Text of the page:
Lansing, Mich. (July 30, 2018) – Michigan wheat farmers working through the Michigan Wheat Program partnered again this year with Michigan State University to include for the 6th year, a high-management component as part of the MSU Wheat Performance Trials. The results of that research have been compiled and just released to the public.
Farmers will certainly want to study results of the 110 different varieties tested in plots across Michigan before making seed purchasing decisions for planting this fall, according to MSU wheat specialist Dennis Pennington.
Michigan wheat farmers out-perform the nation when it comes to yields per acre. For example, this year USDA’s NASS-Great Lakes office has forecast a record yield of 90 bushels per acre and a total production figure of 44.1 million bushels. The national average yield is 48 bushels per acre.
“We’d like to think that the Michigan Wheat Program’s focus on high-management research and extension outreach, along with Michigan’s unique environmental conditions, and especially these high-management plot comparisons help drive increased productivity and quality in the state,” said David Milligan, chairman of the Michigan Wheat Program board and a wheat farmer from Cass City.
“Every wheat farmer in Michigan should be looking at their farm management and how the various varieties respond to high management to make the decision as to what is the best variety for them on their farm,” Milligan said.
This year’s Performance Trials include 61 commercial wheat varieties. In addition, 49 experimental wheat lines were evaluated – up significantly from the 26 experimental seed lines tested last year. The seed lines were developed by 13 organizations including MSU, Michigan Crop Improvement Association, and several seed companies.
“When selecting varieties, it’s important to look at multi-year data from locations that are closest to the soil type and conditions you have on your farm,” commented Pennington. “Farmers should study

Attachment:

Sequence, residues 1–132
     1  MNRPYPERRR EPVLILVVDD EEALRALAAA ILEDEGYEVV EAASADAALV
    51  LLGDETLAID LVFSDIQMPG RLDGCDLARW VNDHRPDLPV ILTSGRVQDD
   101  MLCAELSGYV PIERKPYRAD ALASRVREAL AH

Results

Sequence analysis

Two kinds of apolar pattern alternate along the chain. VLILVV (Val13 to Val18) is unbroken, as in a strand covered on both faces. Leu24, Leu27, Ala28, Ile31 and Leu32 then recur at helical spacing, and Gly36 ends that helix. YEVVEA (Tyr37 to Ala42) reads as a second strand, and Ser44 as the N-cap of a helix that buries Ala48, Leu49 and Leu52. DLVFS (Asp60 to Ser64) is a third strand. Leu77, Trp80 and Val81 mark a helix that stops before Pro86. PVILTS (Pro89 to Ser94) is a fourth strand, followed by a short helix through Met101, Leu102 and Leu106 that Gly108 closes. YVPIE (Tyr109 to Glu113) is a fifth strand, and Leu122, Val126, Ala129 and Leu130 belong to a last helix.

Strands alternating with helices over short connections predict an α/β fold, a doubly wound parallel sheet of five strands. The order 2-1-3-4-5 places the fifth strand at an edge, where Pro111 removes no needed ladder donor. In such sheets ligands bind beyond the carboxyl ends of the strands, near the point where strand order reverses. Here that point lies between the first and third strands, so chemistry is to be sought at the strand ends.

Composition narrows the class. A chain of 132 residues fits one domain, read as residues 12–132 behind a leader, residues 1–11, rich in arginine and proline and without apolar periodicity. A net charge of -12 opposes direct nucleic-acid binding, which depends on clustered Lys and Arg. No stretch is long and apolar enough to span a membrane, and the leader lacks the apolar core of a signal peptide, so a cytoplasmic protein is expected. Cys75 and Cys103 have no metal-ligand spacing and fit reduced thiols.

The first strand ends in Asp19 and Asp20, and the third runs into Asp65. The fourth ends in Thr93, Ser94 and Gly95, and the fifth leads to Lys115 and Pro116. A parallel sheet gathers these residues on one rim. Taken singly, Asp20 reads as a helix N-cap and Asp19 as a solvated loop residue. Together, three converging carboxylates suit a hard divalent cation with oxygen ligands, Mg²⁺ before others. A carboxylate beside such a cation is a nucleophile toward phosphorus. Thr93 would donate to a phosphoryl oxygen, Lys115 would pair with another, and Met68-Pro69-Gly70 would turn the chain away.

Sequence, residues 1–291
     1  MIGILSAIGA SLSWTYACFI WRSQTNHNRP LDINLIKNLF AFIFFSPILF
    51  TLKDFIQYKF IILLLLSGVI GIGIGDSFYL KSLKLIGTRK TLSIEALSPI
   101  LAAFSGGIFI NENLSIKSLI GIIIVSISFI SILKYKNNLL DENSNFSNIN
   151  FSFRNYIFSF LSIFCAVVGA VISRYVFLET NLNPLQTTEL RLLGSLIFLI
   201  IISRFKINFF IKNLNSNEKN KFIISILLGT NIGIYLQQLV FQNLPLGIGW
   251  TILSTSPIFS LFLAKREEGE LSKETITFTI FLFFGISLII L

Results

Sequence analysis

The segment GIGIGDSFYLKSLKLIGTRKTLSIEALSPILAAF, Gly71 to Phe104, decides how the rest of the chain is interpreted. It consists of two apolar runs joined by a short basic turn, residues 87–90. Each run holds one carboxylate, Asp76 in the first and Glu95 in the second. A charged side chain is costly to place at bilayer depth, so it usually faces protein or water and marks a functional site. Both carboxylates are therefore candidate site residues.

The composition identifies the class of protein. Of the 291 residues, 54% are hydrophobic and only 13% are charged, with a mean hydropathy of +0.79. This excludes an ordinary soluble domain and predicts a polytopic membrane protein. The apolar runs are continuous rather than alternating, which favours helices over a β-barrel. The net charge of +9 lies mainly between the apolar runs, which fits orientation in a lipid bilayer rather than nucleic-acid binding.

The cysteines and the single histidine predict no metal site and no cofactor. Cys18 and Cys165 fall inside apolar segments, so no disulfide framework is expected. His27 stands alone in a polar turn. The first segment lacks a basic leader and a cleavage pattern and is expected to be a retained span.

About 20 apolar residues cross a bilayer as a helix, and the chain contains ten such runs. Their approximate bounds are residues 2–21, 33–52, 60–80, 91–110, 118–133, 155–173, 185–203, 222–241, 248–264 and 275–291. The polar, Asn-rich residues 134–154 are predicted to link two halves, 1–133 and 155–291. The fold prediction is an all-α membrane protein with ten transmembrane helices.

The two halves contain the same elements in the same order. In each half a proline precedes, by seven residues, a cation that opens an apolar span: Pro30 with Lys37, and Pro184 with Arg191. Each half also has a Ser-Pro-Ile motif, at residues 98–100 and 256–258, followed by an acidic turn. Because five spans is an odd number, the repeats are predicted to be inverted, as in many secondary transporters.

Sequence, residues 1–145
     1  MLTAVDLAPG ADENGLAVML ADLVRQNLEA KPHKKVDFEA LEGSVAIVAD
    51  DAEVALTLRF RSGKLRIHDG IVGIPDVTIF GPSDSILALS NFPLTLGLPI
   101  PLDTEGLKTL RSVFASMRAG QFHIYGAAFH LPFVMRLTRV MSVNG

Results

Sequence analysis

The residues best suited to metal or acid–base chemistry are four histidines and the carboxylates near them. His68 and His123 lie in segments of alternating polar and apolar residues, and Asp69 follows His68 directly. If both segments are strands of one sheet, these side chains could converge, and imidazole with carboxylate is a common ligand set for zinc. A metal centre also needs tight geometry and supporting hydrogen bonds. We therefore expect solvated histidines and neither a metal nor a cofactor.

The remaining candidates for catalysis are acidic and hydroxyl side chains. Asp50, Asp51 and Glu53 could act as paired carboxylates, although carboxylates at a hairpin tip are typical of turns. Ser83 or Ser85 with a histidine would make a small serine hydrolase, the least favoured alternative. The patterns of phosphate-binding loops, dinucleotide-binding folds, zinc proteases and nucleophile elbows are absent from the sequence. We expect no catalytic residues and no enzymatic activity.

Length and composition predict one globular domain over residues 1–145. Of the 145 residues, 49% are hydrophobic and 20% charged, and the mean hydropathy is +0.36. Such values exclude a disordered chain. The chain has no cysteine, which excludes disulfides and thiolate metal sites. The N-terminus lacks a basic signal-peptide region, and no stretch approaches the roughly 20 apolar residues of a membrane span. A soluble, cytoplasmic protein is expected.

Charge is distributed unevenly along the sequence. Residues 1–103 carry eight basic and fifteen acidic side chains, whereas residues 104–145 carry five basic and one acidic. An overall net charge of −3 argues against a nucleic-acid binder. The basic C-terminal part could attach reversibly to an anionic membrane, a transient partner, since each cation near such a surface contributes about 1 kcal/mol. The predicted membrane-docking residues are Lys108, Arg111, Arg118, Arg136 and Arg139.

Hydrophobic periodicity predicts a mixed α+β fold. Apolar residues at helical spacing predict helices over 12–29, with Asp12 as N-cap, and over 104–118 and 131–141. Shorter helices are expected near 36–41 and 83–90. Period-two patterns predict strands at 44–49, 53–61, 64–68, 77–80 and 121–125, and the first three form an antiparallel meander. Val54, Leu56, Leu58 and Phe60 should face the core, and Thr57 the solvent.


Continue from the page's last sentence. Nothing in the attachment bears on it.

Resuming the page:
individual varieties across all the parameters evaluated in the trials including yield, test weight and disease ratings. This report is an unbiased, scientifically-based evaluation of varieties in various Michigan regions. It’s also a valuable tool to help farmers make decisions about which varieties to plant on their farms.”
Wheat trial details. MSU’s wheat research team has planted wheat trial plots for more than 17 years. During the 2017-2018 growing season, trials were held on private farmland in six counties: Allegan, Clinton, Huron, Lenawee, Sanilac and Tuscola.
This year’s trials were planned to have two farms that had both conventional and high-management plots, to create a “same farm” comparison. While this comparison is available for review in Tuscola County, the Clinton County site received an extra 90 pounds of nitrogen and is less comparable.
Farms hosting the trials included:
- Stuart Bierlein of Reese (Tuscola County-two sites);
- Harvey Jipping of Hamilton (Allegan County);
- Darwin Sneller of Owendale (Huron County);
- Louis Faivor of St. Johns (Clinton County);
- Woods Seed Farm of Deerfield (Lenawee County); and
- JGDM Farms of Deckerville (Sanilac County).
Definition of high-management trial. High-management trials included:
- an additional 30 lbs. of nitrogen per acre (28 percent N); and
- Prosaro® at average flowering date in each location.
“The check-off board will again consider supporting high management treatments for the 2018 Michigan State Wheat Performance Trials at their meeting in a couple of weeks,” said Jody Pollok-Newsom, the program’s executive director. “There is such a wealth of knowledge in this nineteen-page report, that I am sure the board will continue its support and remain proud to play a role in advancing knowledge about the future of high management wheat production in Michigan.”
To see the results of the 2018 trials, go to www.miwheat.org and click on the “Just out! 2018 MSU Variety Trials” tab at the top of the “What’s Hot” box. The Michigan Wheat website also includes links to high-management Performance Trials data from 2013-2017, and a link to data from 2012 and prior years. MSU researchers and the Michigan Wheat Program recommend reviewing at least three years of trial research when making decisions for your farm.
The MWP is a check-off organization funded by nearly 8,000 wheat farmers who grow wheat in 50 of Michigan’s 83 counties. Michigan wheat farmers plant 500,000 acres of red and white winter wheat annually, resulting in a crop of 40 million bushels on average. The state’s wheat crop has a total economic impact of about $388 million annually.